91. What I Hate from A to Z by Roz Chast. This is an ER book. Chast's cartoons are recognizable to anyone who enjoys The New Yorker. This slim book, which has the appearance of a children's bedtime book, has something the author hates for each letter of the alphabet. Some are strange, such as the discontinued dessert Jello1-2-3, and carnivals, while others are fears that many would agree with, like premature burial.
A weird book and a quick read, this one is a giggle, especially as the drawings have a frantic quality. 4 stars

Dic 5, 2011, 10:05pm

92. Four Plays by P.G. Wodehouse. These plays, all light comedies, were written and performed in the mid-twenties to 1930, except for the last, "Come On, Jeeves", which gives no date of writing or performance. Interesting to see that Joan Hickson, who would be the most intimidating Miss Marple fifty years later, played a disapproving club employee in "Leave It To Psmith" in 1930. She must have had that sort of face even as a young girl!

I love Wodehouse, especially Jeeves and Wooster, but these plays do suffer somewhat from a silliness that modern audiences just wouldn't appreciate. There are bits of the Wodehouse snarkiness to be found, but romance, confusion and mistaken identities are the main focus. 3 stars

Dic 7, 2011, 5:39pm

93. The Worst Noel: Hellish Holiday Tales. This is a collection of essays about the worst Christmas experiences by the authors, most involving the uncomfortable mixing of families. Contributors include Anne Patchett, Louis Bayard, Valerie Frankel and Marian Keyes. Interesting to note that over half of the essays are written by Jewish authors who celebrated Christmas as children. I don't know if that's a rarity or not, but the majority of essays here are pretty funny in that too-many-people-crammed-into-a-too-tiny-house sort of way. 3.5 stars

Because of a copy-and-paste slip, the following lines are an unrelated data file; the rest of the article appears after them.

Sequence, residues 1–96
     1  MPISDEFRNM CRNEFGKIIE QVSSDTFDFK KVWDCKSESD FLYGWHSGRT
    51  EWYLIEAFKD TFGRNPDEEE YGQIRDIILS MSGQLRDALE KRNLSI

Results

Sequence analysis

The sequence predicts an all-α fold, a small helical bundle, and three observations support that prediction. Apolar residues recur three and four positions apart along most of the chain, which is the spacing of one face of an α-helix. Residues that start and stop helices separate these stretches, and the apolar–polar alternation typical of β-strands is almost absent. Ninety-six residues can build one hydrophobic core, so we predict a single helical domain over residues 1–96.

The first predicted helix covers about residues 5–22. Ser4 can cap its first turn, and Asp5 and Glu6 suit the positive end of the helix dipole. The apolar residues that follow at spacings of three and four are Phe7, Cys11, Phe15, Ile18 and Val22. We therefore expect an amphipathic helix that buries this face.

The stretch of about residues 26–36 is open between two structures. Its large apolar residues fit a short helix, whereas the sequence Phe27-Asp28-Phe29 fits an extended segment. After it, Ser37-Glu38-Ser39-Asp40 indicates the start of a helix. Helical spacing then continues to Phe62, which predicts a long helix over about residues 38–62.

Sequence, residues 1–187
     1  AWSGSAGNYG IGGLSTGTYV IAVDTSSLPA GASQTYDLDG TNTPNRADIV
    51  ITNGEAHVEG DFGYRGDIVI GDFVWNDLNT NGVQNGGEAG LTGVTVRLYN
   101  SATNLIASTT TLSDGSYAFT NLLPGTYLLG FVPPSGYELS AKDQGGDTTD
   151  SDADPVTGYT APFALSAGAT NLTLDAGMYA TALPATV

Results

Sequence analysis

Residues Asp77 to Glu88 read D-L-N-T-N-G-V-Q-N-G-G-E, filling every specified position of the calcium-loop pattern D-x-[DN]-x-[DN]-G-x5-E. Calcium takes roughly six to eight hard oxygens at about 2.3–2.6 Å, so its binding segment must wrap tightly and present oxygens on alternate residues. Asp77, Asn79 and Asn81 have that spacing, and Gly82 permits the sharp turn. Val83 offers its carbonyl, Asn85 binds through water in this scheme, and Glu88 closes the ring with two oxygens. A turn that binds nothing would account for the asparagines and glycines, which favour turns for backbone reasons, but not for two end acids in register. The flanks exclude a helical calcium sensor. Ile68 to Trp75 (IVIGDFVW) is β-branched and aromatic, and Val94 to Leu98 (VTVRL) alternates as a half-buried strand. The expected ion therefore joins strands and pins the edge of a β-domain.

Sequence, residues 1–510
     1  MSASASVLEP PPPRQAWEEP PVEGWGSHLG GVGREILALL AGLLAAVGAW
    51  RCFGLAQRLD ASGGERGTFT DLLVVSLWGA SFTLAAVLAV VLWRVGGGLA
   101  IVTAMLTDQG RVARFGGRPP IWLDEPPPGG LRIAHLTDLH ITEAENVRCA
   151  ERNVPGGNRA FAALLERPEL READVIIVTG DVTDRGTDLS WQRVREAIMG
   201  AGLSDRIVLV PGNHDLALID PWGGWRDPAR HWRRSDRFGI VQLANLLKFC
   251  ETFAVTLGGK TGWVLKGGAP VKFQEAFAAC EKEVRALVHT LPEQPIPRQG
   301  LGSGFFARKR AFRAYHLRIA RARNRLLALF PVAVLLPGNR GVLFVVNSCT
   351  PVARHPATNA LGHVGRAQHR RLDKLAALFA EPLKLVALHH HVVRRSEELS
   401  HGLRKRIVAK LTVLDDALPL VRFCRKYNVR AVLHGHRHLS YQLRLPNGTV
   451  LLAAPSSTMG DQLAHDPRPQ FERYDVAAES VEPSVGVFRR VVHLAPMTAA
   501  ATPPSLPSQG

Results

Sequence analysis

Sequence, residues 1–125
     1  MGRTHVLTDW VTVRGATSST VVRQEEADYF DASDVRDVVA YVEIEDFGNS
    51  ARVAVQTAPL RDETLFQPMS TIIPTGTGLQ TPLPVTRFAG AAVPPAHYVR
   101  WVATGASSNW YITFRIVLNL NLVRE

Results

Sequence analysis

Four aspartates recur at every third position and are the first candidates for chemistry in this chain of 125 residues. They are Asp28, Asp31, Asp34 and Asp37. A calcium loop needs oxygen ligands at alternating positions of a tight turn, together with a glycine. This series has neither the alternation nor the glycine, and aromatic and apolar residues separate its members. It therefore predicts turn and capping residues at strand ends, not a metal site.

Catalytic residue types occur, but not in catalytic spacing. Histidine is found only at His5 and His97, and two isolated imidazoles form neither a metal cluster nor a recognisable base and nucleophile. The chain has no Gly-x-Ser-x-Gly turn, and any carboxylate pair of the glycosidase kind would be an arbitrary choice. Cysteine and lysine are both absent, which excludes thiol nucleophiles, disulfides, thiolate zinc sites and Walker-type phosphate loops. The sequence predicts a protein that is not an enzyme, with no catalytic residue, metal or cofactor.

Dic 9, 2011, 5:24pm

94. A Christmas Story by Jean Shepard. This is actually a collection of essays Shepard wrote about his Depression-era childhood in Indiana that were first published in Playboy of all places. The basics of the various stories were used for the movies- dad winning a leg-shaped lamp, a hillbilly family next door with a pack of dogs, taking on the school bully and winning- but these are episodes that happened through the years and in different seasons, and the stories have less idealized bits, such as references to the area's high unemployment. It's good storytelling and the Christmas stories are still funny. 4 stars

Dic 12, 2011, 1:40pm

95. Who's Afraid of Virginia Woolf by Edward Albee. Middle-aged couple George and Martha invite young Nick and Honey to their home for an after-party at two a.m. The younger couple have just moved and Nick has taken a post at the small New England college that Martha's father has run for decades. George is also a teacher there, in a position he has maintained for years rather than moving up as both he and his wife expected. The years of disappointment have created a woman who screeches rage at her husband and a man who dissects others to find their sore spots and make himself feel stronger.